Of all the many attractions in Buenos Aires, I found the neighborhood of La Boca to be the most fun and interesting of the bunch. Though the conventillos (tenements) here are restored and freshly painted, this neighborhood is still one of the oldest, the home for many Italian immigrants in the 1940's.
Colorful buildings shown above line the streets of La Boca. It is said that past residents of this barrio used remaining paint they found in the docks to coat their wood and corrugated zinc dwellings. This explosion of colors adds a festive air to the neighborhood.
Narrow alleys like this separate the conventillos in La Boca. Living in such close quarters, there's not much privacy in these tenements. The courtyards became the living room of residents and this is where the celebrated tango was performed by the immigrants who were said to have introduced the tango to these shores.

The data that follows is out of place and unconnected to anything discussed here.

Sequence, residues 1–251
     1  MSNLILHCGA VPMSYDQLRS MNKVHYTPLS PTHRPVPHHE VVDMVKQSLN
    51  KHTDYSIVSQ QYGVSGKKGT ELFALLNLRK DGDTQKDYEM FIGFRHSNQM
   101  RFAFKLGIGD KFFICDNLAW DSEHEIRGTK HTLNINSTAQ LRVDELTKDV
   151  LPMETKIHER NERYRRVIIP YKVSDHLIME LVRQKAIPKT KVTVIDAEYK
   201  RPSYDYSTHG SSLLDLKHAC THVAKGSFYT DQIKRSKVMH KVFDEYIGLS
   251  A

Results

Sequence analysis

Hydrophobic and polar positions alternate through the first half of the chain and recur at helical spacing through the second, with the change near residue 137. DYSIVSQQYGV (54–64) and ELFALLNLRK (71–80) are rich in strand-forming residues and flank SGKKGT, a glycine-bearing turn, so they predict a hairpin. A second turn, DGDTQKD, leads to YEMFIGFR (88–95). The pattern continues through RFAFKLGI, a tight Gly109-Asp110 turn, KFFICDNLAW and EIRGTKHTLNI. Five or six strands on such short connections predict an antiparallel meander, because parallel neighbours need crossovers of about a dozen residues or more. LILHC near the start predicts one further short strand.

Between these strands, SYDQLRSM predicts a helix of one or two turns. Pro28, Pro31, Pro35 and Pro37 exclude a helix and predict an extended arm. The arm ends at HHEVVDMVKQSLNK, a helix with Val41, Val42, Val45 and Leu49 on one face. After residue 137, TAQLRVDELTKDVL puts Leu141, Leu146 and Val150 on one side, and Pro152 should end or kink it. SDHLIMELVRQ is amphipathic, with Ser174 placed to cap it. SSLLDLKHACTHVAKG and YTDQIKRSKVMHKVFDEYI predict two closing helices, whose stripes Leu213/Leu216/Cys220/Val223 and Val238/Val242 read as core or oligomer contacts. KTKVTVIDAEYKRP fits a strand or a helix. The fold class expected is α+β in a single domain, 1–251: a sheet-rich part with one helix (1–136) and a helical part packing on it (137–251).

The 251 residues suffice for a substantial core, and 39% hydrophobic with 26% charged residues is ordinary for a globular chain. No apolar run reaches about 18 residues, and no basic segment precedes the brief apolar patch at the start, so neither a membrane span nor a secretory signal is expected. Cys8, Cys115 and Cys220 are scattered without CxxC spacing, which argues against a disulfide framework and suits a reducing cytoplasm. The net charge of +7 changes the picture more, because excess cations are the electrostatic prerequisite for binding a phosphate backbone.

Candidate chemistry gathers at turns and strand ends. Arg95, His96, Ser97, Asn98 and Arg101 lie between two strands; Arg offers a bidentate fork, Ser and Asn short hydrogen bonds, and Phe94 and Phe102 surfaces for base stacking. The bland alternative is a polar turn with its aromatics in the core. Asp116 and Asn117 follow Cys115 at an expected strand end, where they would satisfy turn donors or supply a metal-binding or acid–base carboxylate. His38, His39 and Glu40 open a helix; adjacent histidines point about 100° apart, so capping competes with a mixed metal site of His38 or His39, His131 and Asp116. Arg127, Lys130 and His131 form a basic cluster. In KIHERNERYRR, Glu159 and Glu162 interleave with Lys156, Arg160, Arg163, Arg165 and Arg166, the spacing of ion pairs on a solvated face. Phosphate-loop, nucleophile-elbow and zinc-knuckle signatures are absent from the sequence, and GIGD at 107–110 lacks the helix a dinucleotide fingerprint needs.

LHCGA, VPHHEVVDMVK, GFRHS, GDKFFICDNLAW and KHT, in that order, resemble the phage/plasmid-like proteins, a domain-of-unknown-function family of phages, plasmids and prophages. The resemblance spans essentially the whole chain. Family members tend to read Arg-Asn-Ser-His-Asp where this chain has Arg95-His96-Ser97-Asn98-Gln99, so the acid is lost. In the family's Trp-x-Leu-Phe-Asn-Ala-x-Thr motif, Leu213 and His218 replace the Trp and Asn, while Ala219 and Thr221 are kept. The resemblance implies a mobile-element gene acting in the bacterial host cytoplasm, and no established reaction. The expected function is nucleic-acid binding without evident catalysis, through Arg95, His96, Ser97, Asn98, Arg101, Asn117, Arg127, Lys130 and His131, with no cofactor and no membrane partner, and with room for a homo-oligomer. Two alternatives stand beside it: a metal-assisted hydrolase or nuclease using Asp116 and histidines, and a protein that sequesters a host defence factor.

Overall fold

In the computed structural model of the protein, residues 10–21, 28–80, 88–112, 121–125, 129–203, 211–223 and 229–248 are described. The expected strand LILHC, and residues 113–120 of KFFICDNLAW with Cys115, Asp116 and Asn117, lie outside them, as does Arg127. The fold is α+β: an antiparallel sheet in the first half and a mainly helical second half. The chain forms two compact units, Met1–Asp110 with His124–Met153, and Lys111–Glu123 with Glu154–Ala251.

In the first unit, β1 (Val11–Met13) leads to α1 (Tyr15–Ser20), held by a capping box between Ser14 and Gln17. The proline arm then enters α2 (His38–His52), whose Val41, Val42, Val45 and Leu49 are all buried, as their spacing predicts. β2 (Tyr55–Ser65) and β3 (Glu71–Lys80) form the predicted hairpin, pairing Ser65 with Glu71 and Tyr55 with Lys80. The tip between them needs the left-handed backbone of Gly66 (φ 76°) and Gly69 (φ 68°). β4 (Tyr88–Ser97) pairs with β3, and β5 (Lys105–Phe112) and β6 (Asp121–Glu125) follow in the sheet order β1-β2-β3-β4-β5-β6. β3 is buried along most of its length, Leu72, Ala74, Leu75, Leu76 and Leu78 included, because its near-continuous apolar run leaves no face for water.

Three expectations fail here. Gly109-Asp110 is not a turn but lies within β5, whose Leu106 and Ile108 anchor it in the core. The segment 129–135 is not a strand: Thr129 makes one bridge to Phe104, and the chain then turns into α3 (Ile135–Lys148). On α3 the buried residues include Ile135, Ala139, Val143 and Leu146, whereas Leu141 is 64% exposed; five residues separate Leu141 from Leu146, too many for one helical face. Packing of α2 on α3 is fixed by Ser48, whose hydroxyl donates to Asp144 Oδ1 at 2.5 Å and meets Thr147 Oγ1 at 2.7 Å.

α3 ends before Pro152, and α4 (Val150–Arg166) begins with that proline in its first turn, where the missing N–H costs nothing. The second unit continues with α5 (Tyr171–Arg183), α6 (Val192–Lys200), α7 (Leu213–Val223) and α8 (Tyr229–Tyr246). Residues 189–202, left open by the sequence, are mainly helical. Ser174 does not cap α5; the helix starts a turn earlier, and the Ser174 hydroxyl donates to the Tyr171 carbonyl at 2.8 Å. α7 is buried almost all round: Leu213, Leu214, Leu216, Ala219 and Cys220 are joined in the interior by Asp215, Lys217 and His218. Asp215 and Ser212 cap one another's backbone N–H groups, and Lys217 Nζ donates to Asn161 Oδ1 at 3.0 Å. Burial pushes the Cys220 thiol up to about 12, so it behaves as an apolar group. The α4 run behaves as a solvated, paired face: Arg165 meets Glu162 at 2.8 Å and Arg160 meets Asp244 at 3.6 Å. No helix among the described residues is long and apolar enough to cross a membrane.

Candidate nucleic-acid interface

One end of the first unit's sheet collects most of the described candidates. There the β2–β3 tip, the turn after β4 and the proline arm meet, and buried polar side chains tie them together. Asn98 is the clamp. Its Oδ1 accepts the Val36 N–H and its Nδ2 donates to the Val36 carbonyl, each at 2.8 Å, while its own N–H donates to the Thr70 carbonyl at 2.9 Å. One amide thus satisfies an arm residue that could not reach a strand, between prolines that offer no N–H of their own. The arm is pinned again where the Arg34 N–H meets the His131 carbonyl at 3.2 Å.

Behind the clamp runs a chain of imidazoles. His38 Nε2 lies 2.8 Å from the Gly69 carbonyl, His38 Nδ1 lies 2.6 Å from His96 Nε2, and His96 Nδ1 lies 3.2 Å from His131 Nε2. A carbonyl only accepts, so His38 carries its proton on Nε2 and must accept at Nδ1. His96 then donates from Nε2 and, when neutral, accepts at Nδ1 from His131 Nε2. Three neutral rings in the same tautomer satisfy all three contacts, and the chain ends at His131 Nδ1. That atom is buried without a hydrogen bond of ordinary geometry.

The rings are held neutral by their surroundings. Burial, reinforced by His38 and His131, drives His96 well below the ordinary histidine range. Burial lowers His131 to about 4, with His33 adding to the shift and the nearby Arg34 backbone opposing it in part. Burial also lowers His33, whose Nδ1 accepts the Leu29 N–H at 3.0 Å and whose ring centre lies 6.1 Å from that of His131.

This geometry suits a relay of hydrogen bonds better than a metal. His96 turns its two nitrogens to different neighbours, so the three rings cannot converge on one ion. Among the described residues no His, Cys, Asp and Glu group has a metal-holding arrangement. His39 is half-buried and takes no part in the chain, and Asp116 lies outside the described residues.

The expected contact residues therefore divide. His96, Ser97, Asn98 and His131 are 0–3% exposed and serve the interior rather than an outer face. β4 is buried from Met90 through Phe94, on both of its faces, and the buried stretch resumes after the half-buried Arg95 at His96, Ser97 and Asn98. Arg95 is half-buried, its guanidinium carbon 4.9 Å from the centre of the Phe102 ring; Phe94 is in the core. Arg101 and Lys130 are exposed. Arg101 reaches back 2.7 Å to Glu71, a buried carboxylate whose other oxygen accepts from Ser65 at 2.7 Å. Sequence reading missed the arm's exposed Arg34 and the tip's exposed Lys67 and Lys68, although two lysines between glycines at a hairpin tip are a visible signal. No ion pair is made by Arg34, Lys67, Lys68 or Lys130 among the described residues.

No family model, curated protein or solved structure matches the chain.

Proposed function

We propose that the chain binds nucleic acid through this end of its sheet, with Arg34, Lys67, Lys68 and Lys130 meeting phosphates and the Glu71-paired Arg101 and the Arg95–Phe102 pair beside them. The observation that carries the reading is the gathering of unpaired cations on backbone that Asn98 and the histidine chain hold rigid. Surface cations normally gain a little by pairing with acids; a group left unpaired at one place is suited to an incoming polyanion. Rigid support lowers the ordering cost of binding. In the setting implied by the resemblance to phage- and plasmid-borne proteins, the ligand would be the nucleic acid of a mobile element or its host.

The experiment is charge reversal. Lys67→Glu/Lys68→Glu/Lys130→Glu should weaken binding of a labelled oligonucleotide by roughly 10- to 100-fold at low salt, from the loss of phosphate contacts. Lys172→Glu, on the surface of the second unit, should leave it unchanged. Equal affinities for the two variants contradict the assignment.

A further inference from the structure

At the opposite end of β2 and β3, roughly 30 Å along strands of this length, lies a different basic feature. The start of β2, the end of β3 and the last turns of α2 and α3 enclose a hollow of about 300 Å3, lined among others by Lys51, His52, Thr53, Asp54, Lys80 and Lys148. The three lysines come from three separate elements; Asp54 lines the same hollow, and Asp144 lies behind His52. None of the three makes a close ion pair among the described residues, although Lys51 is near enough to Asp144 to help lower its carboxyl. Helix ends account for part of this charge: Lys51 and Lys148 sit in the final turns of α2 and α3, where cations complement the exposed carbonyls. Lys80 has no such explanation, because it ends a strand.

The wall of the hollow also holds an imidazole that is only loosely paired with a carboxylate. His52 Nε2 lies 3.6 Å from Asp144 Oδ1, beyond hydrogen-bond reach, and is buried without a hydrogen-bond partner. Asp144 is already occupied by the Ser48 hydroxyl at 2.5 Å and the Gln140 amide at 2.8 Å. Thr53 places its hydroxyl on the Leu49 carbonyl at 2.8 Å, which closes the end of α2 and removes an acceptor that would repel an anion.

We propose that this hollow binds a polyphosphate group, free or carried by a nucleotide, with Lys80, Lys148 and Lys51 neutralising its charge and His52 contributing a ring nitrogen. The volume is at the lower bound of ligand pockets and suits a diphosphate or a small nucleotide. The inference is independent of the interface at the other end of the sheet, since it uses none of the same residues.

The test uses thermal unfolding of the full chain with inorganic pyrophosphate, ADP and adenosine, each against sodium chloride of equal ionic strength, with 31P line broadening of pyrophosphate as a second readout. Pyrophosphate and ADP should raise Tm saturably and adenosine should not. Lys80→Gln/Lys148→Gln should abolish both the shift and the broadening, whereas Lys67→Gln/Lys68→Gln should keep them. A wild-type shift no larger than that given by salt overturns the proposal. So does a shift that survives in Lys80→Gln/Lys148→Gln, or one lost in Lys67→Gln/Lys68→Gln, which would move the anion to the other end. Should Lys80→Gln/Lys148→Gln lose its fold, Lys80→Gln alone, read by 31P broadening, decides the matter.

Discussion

A whimsical mural in the Antiguo Mercado de La Boca reminds visitors that this barrio is the birthplace of the tango.
Dancers entertain restaurant patrons along the bustling Caminito, the famous pedestrian street in La Boca.
The first paragraph of the sign above reads: "How many stories, happy and passionate moments, troubles do these walls or those of other conventillos guard?" How many indeed! And the bright colors mask "la verdadera identidad de Caminito" (the true identity of Caminito).
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Images by Charie